For this dashboard week challenge, we had to use data relating to shark attacks in the past century to create a dashboard. We had a morning to create and present a dashboard and so time-boxing was crucial for this challenge. In my spare time after the dashboard week, I have added additional visualizations to the chart to practice some index() and last() table calculations.

Data/Story Preparation

The data provided turned out to be quite messy and posed a significant challenge. To ensure there was enough time to build a dashboard, we needed to dedicate just enough time to data cleaning without going overboard. The cleaning process we employed included:

  1. Matching age formats use the datetime tool
  2. Categorising activities using true/false and “contains” formulae
  3. Categorising times after regex
  4. Categorising species of shark

Due to the constraints of time, I chose an open story like causes of shark attacks with more focus on dashboard actions. The workflow is shown below:

Tableau Dashboard

The dashboard is presented below:

The most interesting feature is the shark icons on the right. These are shown when you hover over a map icon as seen here. To create this, it requires a set action where “on hover”, the action will add that country to a set.

Then the calculation is created as such and used in conjunction with a simple dual axis chart of total shark attacks.

To understand this formula, I’ll break it down into how I worked my way to this point:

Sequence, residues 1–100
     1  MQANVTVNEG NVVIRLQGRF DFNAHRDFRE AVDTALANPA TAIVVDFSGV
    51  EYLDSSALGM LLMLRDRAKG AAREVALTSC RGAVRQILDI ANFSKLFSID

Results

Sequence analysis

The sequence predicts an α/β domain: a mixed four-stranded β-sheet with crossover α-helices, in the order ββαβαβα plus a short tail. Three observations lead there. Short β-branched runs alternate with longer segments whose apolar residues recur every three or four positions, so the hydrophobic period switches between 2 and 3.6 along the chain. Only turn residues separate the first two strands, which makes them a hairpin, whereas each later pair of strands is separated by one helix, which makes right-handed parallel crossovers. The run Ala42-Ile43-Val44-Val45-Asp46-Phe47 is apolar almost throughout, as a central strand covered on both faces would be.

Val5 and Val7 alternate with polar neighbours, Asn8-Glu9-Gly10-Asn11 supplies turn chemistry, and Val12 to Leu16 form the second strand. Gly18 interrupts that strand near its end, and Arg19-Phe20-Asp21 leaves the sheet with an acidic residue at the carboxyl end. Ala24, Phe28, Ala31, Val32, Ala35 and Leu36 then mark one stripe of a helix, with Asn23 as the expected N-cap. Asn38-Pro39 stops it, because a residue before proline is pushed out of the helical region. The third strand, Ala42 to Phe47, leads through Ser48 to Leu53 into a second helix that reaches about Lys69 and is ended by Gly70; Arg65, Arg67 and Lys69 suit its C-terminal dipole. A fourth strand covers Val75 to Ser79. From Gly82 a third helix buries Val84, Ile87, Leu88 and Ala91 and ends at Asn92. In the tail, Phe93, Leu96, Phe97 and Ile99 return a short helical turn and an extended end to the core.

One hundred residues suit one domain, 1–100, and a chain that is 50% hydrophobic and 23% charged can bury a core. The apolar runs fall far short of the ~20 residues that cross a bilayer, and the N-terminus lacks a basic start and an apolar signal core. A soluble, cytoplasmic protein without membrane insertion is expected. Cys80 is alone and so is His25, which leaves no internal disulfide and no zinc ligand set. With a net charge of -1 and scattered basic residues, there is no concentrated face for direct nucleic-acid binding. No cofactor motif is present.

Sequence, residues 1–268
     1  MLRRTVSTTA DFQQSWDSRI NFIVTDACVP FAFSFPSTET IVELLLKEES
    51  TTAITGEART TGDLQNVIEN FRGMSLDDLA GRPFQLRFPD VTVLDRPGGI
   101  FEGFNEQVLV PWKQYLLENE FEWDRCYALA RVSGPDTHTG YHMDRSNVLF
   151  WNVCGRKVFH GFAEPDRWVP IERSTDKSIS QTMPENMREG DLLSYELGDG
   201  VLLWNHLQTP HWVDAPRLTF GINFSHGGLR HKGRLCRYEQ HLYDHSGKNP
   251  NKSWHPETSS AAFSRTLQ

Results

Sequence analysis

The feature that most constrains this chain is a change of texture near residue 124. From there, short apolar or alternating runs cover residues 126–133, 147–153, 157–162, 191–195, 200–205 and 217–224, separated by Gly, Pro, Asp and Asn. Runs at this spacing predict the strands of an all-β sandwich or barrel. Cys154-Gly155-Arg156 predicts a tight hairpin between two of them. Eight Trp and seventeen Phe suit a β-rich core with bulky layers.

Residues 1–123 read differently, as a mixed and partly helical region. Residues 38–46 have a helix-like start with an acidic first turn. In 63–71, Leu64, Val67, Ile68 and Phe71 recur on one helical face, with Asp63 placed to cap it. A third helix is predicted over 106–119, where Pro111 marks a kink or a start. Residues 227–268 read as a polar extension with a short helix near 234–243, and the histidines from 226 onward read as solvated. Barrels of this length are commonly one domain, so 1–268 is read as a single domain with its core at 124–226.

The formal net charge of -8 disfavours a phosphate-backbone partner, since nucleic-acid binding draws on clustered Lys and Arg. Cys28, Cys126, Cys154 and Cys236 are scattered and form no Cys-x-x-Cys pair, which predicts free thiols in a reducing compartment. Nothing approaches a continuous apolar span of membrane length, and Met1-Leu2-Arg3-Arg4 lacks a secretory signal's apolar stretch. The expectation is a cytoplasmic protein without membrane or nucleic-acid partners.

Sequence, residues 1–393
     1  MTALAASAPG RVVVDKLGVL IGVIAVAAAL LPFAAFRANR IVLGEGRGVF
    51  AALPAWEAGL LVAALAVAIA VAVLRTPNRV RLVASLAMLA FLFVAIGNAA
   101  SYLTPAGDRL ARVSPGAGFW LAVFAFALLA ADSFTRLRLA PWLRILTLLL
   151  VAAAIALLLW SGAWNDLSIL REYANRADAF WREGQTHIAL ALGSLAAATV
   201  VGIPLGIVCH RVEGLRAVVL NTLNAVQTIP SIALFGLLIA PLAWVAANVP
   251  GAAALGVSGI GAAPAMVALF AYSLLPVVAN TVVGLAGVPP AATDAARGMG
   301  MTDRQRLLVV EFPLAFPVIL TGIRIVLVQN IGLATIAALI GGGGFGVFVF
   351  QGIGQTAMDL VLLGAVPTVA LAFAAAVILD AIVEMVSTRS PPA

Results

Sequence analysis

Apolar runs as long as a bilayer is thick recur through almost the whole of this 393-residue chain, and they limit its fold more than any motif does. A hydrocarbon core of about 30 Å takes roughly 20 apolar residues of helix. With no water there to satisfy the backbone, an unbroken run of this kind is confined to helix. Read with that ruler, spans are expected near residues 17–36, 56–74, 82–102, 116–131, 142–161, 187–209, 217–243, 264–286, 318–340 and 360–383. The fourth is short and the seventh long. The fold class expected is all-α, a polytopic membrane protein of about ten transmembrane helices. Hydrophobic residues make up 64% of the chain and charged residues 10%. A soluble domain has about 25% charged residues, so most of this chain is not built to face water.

1. Generally, to create a frequency histogram by points, we’d put a index() on an axis and split it by the level of detail as such:
  2. However, we need to incorporate a set action and so on hover, we add the country to the set. When this set action is activated, the Record ID’s related to that set are now added.
    We can use this calculation as our level of detail when the action is activated
  3. For the dual-axis graph, To understand why we can’t use index() In the calculation;

    these are the definitions:

    last() → It will assign 0 to the last row in the partition and increases the number as it goes up. (0,1,2,3 from the last row in the partition). It returns the number of steps to be taken to reach the last row from the current row.

    index() → It will return the index of the current row in the partition.

    The index() will be 1 for each row level in this calculation as we aren’t grouping by country and maintaining the row structure. In 1., we can use index() because it is grouped by a year.
    By using last(), it can be thought of as something similar to SUM(Index()). (Note this won’t work because you can not aggregate Index() which is an aggregation.


This is a complicated process but it produces a neat little visualization. Thank you for your time 😊


Nam Nguyen
Author: Nam Nguyen